With the growing obesity epidemic, surgeons are performing more bariatric surgeries, including Roux-en-Y gastric bypass (RYGB) reversals. Although studies have identified indications for RYGB reversals, little information is available about the long-term effects of the procedure. We wish to highlight a case with long-term complications of RYGB reversal and subsequent management. We present a patient with multiple abdominal surgeries including an RYGB reversal that was complicated by a stenosed gastrogastric anastomosis that caused several gastrojejunostomy ulcerations and malnutrition secondary to intractable nausea and vomiting. A 51-year-old female with a complex surgical history including a simple RYGB reversal in 2019 presented to the ER with complaints of abdominal pain, uncontrolled diarrhea, and an inability to tolerate food for six months. Workup revealed multiple marginal ulcers at the remnant jejunum attached to the gastric pouch, and a stenosed gastrogastrostomy placed high along the cardia of the remnant stomach and pouch. This stenosis resulted in a nonfunctional, nondependent reversal that only drained when filled. Ultimately, a large gastrotomy was performed, and an endoscope was utilized to identify a small pinhole connection between the patient's pouch and the remnant stomach along the superomedial portion of the remnant stomach's fundus. The anvil of a 60 mm GIA black load stapler was guided through and fired twice to come across the stricture. After the stricture was completely crossed, the endoscope was passed through, confirming that it was widely patent. The postoperative course was uneventful, and the patient was discharged with total parenteral nutrition (TPN) on postoperative day 15 before being discontinued at her follow-up visit. She reported that she had been gaining weight and eating well. Long-term complications following RYGB reversal are not well-discussed in the literature. This case offers insight into such complications, discusses the surgical technique utilized to fix them, and calls for further research on the topic to better inform surgeons and patients alike.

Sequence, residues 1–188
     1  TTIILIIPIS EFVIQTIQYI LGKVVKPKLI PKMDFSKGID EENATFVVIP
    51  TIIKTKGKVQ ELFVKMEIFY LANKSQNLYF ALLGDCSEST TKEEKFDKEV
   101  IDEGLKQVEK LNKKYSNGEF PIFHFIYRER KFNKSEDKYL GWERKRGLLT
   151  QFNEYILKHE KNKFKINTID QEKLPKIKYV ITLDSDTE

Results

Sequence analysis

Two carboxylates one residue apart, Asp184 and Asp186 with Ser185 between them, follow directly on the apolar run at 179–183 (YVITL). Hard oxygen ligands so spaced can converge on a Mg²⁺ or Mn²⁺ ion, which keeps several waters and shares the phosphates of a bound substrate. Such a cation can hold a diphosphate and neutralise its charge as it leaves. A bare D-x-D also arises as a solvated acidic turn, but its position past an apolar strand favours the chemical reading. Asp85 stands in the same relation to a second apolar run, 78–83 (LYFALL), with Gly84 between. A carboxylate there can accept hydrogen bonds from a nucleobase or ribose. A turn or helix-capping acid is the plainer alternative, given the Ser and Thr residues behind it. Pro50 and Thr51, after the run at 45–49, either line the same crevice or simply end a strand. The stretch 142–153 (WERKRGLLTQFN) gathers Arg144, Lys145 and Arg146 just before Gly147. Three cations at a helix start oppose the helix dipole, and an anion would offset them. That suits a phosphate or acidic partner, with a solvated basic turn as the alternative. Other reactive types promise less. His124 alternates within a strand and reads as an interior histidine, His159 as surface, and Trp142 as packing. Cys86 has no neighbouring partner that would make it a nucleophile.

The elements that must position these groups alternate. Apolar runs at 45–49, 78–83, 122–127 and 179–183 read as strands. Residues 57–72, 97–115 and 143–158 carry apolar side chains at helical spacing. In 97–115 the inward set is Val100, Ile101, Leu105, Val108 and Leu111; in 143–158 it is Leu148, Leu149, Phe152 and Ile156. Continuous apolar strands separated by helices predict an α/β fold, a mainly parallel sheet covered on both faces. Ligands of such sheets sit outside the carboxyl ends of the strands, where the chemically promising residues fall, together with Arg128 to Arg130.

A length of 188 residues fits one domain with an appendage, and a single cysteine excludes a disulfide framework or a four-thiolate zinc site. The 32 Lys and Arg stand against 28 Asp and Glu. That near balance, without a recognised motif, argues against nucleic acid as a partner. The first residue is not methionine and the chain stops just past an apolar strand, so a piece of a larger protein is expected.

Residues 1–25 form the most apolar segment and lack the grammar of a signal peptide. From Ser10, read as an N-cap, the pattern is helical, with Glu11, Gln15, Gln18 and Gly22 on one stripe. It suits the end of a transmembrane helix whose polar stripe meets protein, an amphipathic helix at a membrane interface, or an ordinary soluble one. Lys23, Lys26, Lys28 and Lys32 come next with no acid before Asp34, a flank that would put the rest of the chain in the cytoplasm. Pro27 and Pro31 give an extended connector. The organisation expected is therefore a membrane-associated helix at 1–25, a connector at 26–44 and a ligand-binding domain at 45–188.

Keywords: bariatric surgery; bypass reversal; chronic marginal ulcers; complication; gastrogastric stenosis; obesity.
Copyright © 2023, Kim et al.